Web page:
In a matter of no more than nine minutes, hundreds of Celtic coins were stolen from a museum in Germany’s Bavaria region on Tuesday. Officials in the area have mourned the heist as a tragedy, with some calling it a disaster.
The heist took place at the Celtic and Roman Museum in Manching, a city about 45 minutes away from Munich. In total, it’s believed that around 483 coins were taken. Local police have estimated that trove to be worth “several million euros,” according to the Guardian.
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To conduct the heist, the thieves cut off the telephone service and internet connection for all of Manching, making it difficult for anyone with the institution to contact local authorities as the event was taking place.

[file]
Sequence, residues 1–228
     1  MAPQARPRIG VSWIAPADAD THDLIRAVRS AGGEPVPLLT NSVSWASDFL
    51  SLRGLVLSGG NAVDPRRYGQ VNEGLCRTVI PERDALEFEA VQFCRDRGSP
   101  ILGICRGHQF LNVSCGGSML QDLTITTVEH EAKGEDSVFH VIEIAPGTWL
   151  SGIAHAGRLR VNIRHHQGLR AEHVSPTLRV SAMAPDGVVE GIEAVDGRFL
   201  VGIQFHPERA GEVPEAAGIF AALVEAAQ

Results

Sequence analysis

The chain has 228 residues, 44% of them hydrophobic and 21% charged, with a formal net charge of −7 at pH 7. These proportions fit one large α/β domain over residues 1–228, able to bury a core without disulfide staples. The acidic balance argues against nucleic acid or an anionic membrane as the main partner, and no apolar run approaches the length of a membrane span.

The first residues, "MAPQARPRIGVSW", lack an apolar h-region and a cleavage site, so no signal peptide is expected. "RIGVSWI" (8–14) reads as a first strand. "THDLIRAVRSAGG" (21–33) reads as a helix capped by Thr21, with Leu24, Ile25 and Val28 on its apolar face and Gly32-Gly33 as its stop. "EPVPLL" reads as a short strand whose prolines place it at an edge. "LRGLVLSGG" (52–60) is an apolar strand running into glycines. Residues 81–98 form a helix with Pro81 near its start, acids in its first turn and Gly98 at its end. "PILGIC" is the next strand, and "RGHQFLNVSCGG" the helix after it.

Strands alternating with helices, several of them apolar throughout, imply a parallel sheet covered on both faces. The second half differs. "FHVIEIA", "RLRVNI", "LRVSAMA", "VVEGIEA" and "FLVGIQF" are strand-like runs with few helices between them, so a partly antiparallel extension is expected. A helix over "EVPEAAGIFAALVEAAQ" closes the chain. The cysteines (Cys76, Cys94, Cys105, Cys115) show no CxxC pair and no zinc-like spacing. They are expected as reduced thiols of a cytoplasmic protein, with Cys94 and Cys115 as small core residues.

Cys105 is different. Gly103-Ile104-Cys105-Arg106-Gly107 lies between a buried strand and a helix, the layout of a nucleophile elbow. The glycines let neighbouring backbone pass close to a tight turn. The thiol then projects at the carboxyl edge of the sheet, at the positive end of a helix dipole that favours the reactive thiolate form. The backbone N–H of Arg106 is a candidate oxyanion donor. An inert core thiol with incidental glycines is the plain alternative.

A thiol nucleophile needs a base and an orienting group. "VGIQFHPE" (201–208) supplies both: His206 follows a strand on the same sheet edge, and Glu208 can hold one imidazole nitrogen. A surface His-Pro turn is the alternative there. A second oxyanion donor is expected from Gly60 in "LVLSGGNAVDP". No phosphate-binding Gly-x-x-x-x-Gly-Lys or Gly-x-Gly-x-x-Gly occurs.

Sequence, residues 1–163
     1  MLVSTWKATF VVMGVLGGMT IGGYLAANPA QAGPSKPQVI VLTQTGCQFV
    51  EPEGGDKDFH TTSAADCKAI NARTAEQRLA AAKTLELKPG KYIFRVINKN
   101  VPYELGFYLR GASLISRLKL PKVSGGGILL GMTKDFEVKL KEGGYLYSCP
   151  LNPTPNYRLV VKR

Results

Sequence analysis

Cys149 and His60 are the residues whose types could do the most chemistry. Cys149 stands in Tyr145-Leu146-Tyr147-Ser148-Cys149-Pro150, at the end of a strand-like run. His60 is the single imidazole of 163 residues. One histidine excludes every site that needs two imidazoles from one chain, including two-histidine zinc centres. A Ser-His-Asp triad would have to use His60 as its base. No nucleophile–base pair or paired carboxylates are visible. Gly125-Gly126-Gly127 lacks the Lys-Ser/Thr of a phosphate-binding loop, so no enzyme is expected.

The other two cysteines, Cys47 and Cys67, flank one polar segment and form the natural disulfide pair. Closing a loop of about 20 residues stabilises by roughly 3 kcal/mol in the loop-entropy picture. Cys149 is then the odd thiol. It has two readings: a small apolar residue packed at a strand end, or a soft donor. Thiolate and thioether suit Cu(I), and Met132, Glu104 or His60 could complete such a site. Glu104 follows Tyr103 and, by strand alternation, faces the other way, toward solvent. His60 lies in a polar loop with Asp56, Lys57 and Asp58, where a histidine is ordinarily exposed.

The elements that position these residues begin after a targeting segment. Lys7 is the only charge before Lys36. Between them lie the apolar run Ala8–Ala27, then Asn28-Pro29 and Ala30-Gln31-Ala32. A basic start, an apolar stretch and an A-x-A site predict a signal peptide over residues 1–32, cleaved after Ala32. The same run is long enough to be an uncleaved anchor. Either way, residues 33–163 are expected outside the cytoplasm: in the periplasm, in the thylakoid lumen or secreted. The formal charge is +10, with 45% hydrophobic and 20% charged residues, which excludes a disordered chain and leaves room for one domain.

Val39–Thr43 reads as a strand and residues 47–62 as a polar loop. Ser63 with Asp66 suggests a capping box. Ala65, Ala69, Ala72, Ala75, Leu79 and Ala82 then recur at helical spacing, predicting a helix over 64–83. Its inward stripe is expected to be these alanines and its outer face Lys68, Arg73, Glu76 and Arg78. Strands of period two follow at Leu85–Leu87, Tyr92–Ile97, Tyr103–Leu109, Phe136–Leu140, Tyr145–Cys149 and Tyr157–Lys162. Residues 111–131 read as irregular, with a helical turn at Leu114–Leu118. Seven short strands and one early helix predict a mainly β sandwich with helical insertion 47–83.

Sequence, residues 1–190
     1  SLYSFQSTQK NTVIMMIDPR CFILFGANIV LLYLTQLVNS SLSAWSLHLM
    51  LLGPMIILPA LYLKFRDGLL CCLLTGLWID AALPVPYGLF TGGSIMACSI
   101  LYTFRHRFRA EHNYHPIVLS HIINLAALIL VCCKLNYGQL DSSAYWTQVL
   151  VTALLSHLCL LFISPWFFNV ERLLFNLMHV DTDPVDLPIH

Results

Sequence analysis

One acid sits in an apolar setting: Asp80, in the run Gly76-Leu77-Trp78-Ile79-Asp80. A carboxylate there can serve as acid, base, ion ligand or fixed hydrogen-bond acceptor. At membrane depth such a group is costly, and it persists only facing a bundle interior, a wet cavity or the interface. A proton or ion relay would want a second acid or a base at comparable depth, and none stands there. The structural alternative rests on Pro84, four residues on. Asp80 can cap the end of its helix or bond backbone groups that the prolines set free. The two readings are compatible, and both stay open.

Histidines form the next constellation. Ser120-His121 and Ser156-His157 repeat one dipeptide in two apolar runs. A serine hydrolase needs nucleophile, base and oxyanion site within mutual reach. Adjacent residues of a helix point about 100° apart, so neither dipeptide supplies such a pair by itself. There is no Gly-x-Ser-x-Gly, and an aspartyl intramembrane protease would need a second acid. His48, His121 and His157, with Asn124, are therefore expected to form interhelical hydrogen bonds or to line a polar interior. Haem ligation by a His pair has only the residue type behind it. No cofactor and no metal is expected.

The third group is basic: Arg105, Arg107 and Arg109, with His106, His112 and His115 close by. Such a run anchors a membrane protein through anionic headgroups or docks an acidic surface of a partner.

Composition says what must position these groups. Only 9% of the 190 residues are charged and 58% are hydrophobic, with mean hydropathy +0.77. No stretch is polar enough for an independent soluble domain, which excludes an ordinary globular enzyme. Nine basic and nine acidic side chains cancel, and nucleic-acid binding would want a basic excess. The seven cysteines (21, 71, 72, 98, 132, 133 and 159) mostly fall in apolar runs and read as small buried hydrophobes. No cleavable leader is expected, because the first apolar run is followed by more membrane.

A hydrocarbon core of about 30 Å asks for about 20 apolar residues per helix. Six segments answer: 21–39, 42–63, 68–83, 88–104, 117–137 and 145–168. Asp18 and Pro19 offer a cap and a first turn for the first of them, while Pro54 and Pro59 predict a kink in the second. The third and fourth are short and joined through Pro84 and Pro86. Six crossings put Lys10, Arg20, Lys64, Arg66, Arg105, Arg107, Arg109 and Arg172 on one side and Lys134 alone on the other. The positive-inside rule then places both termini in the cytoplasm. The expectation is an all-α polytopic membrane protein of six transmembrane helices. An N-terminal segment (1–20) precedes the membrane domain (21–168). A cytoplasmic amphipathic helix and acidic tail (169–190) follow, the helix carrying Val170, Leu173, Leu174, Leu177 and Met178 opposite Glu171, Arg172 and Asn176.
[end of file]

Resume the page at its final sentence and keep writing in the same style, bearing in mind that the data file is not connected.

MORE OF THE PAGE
Herbert Nerb, the mayor of Manching, told the German-language publication Suddeutsche Zeitung, “The museum is actually a high-security location. But all the connections to the police were severed.”
The coins had been discovered in 1999 during an excavation at an archaeological town near Manching. They are thought to date back the 3rd century B.C.E.
On its website, the Celtic and Roman Museum said it that it will “remain closed for the time being.”
Markus Blume, Bavaria’s minister of science and arts, said in an interview with the German press agency dpa, “As a testament to our history, the gold coins are irreplaceable.”